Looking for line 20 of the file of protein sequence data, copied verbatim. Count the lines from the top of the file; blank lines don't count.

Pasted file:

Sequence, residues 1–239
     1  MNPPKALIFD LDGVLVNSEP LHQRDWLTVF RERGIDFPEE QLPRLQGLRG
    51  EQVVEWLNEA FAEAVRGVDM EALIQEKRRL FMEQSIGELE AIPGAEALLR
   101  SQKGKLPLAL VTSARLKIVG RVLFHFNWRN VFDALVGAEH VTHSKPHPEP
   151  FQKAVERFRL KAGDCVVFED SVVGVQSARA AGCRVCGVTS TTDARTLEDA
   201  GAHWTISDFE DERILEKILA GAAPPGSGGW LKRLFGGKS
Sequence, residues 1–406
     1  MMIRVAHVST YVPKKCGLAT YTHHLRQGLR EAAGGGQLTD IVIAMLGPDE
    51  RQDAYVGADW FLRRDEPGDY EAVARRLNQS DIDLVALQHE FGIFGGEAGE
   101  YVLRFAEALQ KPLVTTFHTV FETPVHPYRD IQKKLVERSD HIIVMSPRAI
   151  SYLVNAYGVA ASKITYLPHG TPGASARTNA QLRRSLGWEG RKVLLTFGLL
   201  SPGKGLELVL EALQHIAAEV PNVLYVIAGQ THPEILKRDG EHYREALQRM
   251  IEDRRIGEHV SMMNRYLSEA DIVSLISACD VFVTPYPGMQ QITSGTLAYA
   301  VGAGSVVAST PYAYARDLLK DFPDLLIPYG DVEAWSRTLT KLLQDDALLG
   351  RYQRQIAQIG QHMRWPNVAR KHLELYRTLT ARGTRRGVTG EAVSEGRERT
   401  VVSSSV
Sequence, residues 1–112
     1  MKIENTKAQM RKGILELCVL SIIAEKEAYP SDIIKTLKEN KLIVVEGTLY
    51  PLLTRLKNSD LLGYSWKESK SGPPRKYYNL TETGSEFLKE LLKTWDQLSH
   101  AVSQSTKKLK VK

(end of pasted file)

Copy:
   101  AVSQSTKKLK VK